Lithuanian Incentives Drive Film Industry


    TALLINN: Lithuania will be measuring the success of the first year of its film incentives scheme, but Lithuanian Film Center director Roladas Kvietkauskus is already listing the benefits.

    Speaking with FNE at the Baltic Event, Kvietkauskus said the effects of the film incentives on Lithuania have included work for local film professionals, training and development of their skills, the possibility to support commercial and genre films, economic impact on local regions and cities and a growing profile for Lithuania on the international film scene.

    The incentives also had an unexpected impact. “Some projects that started as pure film services turned into coproductions,” Kvietkauskus told FNE. In just the first eleven months, Lithuania has attracted films from the UK, Russia, Finland, Spain, and the US. The 20 percent tax rebate has a cap of 60m EUR spread across five years and was determined based on capacity, but it is expected that if the demand is higher, the cap will be raised. The rebate is intended to attract mid-budget films and portions of big budget productions.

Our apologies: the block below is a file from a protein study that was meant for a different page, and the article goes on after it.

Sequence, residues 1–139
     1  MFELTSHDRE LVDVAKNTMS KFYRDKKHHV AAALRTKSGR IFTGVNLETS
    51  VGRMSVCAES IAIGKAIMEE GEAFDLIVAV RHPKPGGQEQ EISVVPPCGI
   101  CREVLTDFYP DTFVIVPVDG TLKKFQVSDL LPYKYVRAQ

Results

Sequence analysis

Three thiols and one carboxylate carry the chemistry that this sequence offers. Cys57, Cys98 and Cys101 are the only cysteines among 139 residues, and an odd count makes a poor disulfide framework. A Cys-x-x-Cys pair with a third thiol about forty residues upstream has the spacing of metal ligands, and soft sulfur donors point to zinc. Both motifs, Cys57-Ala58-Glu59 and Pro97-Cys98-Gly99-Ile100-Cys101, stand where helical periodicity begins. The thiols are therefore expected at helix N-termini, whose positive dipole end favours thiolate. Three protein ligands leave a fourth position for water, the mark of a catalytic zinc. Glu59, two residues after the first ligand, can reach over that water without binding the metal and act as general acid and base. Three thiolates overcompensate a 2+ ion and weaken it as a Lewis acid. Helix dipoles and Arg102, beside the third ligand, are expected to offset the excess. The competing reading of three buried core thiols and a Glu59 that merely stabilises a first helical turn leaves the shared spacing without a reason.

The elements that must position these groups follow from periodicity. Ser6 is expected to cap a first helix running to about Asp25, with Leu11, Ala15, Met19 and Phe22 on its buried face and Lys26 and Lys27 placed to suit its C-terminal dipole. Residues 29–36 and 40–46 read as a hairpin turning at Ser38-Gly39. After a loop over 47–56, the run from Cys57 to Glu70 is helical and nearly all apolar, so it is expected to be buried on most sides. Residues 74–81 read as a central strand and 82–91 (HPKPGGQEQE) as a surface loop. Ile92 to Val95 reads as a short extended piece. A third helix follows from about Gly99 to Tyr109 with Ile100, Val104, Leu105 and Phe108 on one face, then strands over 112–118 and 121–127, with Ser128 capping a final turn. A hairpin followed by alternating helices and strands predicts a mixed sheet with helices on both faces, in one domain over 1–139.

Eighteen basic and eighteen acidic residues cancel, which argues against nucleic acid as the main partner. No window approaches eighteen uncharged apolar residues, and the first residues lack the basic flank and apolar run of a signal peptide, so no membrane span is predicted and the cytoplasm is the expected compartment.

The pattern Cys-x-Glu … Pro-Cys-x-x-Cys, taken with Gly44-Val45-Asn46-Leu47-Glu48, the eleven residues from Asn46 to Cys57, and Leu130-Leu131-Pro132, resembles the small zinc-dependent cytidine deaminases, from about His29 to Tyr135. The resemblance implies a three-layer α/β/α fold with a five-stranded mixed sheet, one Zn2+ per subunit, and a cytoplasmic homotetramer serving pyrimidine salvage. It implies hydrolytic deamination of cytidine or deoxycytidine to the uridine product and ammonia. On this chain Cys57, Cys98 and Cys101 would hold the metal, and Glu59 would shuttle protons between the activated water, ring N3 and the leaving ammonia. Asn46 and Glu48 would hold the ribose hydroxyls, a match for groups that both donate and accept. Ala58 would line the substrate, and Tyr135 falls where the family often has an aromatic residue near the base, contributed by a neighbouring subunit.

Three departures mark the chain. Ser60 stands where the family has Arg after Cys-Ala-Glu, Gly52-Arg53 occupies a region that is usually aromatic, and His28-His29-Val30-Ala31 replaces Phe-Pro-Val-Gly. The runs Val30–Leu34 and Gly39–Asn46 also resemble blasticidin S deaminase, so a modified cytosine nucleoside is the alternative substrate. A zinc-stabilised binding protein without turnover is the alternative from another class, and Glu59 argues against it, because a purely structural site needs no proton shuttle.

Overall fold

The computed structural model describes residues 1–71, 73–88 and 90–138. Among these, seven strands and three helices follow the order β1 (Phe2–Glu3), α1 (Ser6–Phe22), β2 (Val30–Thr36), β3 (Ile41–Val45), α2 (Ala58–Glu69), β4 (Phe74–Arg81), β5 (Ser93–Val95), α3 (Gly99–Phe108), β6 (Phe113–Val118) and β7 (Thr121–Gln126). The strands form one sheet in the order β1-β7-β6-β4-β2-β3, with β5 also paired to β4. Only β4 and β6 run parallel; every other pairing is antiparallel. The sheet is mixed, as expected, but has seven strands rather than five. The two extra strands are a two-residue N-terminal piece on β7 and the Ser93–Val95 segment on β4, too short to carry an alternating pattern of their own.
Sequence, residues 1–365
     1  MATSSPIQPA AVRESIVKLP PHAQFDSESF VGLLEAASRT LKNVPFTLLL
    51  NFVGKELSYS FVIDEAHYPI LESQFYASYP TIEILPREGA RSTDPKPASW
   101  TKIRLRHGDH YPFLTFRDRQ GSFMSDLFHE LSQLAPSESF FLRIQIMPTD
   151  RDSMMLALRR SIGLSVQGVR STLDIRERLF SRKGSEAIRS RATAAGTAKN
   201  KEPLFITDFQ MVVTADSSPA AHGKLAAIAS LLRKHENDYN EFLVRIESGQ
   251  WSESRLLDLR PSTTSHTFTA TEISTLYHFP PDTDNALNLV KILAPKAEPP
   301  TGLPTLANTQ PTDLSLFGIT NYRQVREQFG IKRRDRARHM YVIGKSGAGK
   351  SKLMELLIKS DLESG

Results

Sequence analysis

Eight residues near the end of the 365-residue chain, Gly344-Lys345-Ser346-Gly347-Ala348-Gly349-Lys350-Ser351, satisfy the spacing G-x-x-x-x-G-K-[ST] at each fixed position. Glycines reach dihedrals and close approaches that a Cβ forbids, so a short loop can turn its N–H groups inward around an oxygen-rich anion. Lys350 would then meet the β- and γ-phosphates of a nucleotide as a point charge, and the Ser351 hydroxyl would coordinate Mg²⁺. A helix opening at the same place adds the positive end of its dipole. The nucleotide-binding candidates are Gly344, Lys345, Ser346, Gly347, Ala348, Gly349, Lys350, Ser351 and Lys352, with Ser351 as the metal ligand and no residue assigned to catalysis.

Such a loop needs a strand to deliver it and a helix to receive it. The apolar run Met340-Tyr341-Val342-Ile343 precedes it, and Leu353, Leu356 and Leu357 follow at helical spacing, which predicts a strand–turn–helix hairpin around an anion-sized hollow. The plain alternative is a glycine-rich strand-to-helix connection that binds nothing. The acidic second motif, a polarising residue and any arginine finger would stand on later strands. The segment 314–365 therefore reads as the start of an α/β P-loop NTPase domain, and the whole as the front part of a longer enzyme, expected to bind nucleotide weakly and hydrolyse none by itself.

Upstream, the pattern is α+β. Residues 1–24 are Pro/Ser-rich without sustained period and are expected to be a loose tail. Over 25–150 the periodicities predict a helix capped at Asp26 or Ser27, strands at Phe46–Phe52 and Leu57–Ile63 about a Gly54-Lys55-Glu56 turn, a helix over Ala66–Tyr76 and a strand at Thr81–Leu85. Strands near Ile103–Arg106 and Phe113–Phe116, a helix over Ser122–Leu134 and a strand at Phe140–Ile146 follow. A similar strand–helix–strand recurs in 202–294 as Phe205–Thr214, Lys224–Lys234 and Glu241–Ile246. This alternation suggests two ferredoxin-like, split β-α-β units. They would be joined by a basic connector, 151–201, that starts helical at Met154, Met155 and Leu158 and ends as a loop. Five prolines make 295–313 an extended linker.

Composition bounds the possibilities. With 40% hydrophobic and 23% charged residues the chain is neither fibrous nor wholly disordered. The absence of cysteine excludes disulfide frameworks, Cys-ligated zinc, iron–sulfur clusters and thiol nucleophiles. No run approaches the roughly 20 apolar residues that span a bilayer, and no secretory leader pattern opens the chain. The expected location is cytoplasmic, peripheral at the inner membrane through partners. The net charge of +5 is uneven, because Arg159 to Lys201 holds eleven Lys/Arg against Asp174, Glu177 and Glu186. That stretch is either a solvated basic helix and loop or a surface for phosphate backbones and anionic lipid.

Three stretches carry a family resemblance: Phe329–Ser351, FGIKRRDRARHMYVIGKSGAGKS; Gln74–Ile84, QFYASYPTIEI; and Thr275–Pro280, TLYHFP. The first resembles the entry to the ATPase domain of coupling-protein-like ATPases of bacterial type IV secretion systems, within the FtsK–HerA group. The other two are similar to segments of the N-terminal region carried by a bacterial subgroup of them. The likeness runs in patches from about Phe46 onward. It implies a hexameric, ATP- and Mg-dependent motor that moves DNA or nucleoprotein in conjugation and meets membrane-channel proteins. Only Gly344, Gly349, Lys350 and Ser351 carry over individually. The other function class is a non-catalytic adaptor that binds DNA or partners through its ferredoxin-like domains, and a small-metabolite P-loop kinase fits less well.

Lithuania’s film budget will stay steady at 2.1m EUR in 2015, Kvietkauskus said, and for the first time, Lithuania will introduce a minority coproduction slot. The official slot comes in recognition of a trend already underway. In 2014, Lithuania supported three minority coproductions, all with other Baltic and Nordic countries. The center supports from five to seven productions each year, with funding normallysplit across two years. In 2015, two Lithuanian films are expected to be released.

    Lithuania’s presence on the international stage is beginning to grow. “We want to foster relations with our neighbors,” Kvietkauskus said. “A Lithuanian/Polish connection is an obvious next step.” He added, “We want to be more active in industry events that have a Baltic aspect.” One of the proposals on the table is the development of a Baltic distribution network. A possible way to establish that could be through the first all-Baltic coproduction, Seneca’s Day from Lithuanian director Kristijonas Vildzunas and coproduced by Studio Uljana Kim (Lithuania), Amrion (Estonia) and Locomotive Productions (Latvia).